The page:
Berries could lower Parkinson's disease risk for men and women

Kathleen Blanchard's picture
Berries and Parkinson's disease risk
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Eating berries could stave off Parkinson's disease for men and women, suggests new research.
The findings also showed men can further reduce their risk of the disease by eating more apples and oranges that are rich in flavonoids, an important dietary component with antioxidant properties.

For the study that was authored by Xiang Gao, MD, PhD, with the Harvard School of Public Health in Boston, 49,281 men and 80,336 women were followed for 20 to 22 years and analyzed for their risk of developing Parkinson's disease relative to flavonoid intake, submitted via questionnaires.

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The scientists focused on consumption of tea, berries, apples, red wine and oranges or orange juice. During the study period, 805 people developed Parkinson’s disease. Men who consumed the highest amount of flavonoids were 40 percent less likely to develop the disease, compared to those in the lower 20 percentile for flavonoid consumption.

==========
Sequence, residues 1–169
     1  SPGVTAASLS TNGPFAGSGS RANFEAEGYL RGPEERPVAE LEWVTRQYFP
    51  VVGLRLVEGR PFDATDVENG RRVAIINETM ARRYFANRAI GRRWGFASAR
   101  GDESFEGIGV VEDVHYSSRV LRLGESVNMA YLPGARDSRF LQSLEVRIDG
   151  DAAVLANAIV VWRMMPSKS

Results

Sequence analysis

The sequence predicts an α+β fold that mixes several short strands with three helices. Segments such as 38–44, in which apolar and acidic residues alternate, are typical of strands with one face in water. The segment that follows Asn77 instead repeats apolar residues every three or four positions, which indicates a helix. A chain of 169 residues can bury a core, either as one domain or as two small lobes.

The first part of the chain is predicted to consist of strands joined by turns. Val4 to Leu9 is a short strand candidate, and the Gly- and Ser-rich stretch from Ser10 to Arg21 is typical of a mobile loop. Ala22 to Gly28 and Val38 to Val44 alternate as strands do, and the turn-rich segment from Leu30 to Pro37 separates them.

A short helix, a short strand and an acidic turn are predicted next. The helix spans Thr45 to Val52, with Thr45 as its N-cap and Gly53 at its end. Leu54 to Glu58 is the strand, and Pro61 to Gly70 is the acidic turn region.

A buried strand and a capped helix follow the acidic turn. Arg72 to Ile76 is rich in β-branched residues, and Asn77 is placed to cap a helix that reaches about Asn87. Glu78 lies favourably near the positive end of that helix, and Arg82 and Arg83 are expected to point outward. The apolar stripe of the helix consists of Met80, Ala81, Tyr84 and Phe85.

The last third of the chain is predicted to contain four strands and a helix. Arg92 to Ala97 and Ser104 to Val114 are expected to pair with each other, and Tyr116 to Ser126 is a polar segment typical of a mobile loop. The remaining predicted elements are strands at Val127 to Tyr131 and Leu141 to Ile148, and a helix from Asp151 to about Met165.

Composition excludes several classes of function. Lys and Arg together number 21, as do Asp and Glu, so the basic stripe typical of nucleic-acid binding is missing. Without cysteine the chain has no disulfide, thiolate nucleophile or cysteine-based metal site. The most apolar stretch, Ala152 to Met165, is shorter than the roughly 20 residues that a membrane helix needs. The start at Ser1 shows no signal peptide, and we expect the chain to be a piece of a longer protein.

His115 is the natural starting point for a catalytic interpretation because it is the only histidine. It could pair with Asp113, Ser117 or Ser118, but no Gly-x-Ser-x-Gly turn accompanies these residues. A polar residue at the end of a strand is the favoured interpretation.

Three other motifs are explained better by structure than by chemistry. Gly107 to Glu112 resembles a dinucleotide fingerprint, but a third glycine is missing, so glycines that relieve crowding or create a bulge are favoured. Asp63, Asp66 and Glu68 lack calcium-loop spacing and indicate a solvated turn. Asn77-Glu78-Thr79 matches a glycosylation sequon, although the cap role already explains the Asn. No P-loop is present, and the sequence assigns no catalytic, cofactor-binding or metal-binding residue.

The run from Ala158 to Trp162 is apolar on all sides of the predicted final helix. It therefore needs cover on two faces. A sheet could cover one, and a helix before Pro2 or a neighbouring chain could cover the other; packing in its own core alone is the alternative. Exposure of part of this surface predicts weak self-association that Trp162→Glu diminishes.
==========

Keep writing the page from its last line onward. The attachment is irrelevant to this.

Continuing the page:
Dr. Gao said in a press release, “This is the first study in humans to examine the association between flavonoids and risk of developing Parkinson’s disease. Our findings suggest that flavonoids, specifically a group called anthocyanins, may have neuroprotective effects. If confirmed, flavonoids may be a natural and healthy way to reduce your risk of developing Parkinson’s disease.”

The study found for both men and women, eating berries that contain anthocyanins, was associated with a lower risk of Parkinson’s disease, and may be an easy way to prevent the disease that destroys quality of life and can lead to total disability.

AAN Press Release

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